In the past three to five years, the industry has already seen material shifts in the foundation and logic of how effective network security is developed, deployed and supported. Legacy approaches, such as signature-based (a.k.a. anti-virus) solutions, have already outlived their usefulness, proving to be largely ineffective against today's sophisticated forms of attack. A signature approach to blocking an inbound attack on a company's network requires a knowledge and understanding of each individual attack, making this form of security far too reactive to serve the security needs of organizations today. Today's attacks simply come too fast and too frequent to be blocked by any responsive or reactive measures.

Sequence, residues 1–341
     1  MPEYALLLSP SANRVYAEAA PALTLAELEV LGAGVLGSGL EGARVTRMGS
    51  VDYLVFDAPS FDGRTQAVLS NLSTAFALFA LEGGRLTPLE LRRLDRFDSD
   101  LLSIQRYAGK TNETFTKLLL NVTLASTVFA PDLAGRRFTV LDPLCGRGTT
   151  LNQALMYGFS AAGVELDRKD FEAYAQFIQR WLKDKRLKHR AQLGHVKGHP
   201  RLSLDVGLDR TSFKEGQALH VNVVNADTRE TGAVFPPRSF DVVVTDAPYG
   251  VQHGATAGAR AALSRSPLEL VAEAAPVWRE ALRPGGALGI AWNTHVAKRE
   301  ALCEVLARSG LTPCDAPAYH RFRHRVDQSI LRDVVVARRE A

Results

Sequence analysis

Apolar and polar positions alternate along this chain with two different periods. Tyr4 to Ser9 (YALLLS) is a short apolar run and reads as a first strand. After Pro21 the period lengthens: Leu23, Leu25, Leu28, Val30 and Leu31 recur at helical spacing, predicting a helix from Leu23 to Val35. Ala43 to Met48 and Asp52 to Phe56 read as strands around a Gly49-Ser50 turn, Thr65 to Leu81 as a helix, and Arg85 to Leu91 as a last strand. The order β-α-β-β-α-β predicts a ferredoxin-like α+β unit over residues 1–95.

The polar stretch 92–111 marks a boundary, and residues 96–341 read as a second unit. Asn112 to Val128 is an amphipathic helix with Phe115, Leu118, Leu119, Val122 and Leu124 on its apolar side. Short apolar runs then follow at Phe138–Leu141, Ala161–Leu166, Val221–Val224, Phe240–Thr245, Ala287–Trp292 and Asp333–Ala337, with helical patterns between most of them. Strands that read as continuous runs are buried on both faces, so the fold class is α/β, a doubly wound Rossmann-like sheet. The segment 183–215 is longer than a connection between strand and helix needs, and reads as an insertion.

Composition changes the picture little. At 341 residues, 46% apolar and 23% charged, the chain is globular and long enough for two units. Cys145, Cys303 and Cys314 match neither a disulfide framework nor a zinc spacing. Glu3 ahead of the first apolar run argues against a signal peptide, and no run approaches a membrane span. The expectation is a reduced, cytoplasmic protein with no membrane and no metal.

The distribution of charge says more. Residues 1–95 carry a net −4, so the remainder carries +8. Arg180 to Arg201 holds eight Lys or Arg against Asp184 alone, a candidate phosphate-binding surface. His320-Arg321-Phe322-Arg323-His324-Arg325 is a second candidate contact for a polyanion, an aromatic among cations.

Taking Preventive Measures
Pre-emptive approaches to network security have taken hold in today's network and are addressing the majority of prevalent threats circulating through the Internet. Preemptive security requires an in-depth understanding of not only how networks and network assets operate, but more importantly, how those assets can be exploited. This type of understanding is achieved by researching the inherent vulnerabilities in network protocols, operating systems and business applications. The results from such research then need to find their way into security products and content, thus protecting the network in advance of the presence of the threat. This approach to security is what marked the transition of many security deployments from the role of detecting and alerting attacks on the network to blocking attacks on the network. In this stage, network security moved to an active, integrated role within the framework of the overall data network as opposed to being just an afterthought.